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If you like, you can turn off straight passwords and have both at once or nothing... Just enter a password when the ssh-keygen program prompts you for a password. I ...
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  1. #11
    Just Joined!
    Join Date
    Aug 2005
    Location
    South West England
    Posts
    91

    If you like, you can turn off straight passwords and have both at once or nothing...
    Just enter a password when the ssh-keygen program prompts you for a password. I usually don't, as I feel it's secure enough... and easier not to have to, but you have the option.

    Some handy ssh-keygen options:
    -t rsa1 / rsa / dsa (selects key type, rsa is default, is fine mostly)
    -b xxxx (sets number of bits, 768 (weaker) to 4096 (paranoid), 2048 is default)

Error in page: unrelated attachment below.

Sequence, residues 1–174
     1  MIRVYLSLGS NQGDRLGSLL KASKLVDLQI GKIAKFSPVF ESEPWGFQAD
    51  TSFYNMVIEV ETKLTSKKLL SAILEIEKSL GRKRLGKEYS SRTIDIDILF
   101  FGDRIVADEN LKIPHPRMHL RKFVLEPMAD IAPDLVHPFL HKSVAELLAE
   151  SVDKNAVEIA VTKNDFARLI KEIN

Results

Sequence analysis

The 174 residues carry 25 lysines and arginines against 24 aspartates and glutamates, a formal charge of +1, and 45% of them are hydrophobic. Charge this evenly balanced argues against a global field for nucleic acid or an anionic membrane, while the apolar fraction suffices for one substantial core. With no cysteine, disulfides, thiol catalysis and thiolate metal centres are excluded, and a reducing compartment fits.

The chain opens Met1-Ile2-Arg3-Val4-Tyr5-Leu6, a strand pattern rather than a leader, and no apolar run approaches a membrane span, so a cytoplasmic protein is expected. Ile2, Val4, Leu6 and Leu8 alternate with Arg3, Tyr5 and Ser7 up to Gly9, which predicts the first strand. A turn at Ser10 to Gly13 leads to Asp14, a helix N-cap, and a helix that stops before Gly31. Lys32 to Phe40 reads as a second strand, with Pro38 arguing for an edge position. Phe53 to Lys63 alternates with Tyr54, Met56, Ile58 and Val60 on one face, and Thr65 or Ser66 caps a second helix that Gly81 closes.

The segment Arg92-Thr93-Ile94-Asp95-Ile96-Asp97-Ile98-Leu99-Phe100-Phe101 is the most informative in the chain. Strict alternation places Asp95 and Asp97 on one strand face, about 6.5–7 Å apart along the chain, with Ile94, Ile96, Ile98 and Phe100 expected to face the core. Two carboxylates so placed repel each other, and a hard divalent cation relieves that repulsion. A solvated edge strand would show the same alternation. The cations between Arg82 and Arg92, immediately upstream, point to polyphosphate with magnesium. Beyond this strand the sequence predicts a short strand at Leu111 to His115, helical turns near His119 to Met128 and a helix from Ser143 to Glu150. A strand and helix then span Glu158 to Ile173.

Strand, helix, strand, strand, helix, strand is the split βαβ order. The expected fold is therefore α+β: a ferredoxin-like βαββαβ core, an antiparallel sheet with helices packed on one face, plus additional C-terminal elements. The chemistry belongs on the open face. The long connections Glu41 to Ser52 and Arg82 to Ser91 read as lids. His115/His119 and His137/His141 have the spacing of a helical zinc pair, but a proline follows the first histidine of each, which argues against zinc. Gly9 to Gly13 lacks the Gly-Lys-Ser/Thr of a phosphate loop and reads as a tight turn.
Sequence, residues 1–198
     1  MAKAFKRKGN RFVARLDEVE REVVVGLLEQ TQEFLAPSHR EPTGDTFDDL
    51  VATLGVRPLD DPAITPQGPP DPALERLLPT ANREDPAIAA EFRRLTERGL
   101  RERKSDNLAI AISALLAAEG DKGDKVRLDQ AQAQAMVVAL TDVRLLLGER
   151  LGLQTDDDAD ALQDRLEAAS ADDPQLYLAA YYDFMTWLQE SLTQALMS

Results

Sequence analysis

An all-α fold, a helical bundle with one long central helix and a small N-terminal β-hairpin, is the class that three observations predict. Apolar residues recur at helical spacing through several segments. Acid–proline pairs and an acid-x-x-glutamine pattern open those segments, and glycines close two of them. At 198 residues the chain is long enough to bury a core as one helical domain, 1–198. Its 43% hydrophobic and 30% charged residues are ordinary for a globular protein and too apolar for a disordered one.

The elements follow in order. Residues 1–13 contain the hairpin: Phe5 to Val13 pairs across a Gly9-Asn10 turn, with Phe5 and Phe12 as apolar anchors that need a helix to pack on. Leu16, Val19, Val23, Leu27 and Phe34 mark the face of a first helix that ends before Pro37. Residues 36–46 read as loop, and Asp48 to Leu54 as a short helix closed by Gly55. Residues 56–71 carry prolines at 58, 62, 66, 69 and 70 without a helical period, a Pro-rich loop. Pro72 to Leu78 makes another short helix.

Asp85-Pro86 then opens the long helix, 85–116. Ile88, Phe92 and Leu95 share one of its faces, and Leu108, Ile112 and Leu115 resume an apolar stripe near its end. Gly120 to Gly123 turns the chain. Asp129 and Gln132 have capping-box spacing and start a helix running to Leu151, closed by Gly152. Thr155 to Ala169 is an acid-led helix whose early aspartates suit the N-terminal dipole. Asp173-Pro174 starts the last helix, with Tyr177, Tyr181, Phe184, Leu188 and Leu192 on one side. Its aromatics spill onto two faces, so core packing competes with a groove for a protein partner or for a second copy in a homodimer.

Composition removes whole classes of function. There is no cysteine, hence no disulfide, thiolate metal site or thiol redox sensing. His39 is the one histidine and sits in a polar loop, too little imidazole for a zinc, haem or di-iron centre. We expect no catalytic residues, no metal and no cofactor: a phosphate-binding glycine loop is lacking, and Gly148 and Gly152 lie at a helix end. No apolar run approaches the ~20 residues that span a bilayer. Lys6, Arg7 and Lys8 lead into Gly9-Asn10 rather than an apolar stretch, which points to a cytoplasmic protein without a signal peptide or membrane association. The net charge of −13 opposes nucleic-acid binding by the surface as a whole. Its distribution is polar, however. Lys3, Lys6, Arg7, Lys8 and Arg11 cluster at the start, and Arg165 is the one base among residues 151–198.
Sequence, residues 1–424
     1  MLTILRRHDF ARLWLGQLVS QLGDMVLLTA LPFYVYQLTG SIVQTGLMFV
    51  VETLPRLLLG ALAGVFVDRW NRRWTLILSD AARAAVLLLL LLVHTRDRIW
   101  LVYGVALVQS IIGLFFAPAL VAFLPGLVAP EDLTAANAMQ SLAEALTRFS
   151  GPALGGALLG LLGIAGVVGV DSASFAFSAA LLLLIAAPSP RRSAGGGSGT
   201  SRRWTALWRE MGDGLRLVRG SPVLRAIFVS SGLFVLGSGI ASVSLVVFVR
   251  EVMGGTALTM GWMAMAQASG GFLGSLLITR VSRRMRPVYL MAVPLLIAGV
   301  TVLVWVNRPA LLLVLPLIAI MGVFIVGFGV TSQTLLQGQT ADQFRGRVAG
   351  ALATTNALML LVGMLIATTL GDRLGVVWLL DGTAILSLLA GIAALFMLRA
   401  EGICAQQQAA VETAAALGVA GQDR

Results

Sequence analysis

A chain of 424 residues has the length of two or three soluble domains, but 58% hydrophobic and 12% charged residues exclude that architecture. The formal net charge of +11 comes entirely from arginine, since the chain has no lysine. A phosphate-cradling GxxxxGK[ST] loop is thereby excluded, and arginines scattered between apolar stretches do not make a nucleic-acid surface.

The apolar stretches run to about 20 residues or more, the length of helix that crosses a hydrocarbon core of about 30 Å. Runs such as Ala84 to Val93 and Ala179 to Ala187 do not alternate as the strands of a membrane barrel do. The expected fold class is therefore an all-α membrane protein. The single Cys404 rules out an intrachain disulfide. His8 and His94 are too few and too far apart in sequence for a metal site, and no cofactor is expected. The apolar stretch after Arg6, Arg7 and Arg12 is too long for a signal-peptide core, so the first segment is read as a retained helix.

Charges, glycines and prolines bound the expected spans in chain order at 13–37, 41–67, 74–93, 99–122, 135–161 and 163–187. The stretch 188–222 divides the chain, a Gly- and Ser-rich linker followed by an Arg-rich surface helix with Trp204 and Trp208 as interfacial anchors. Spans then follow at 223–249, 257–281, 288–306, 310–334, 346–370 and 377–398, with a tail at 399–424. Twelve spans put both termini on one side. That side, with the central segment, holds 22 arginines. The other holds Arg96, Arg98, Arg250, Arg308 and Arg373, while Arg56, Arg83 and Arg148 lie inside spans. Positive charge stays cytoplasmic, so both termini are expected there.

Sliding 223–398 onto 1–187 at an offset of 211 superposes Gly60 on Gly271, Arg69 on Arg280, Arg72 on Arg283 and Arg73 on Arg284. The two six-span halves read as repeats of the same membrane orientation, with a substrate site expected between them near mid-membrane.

For more, type "ssh tutorial" into Google, or "man ssh" into terminal.
    Then you will find out all sorts of things, eg port forwarding to bypass firewalls

    Cheers
    Dan

  2. #12
    Banned
    Join Date
    Apr 2009
    Posts
    3
    Also keep your kernel updated as much as you can, the attacker could have used an exploit which attacks the kernel, gains root, and he could've just done an rm -rf /*

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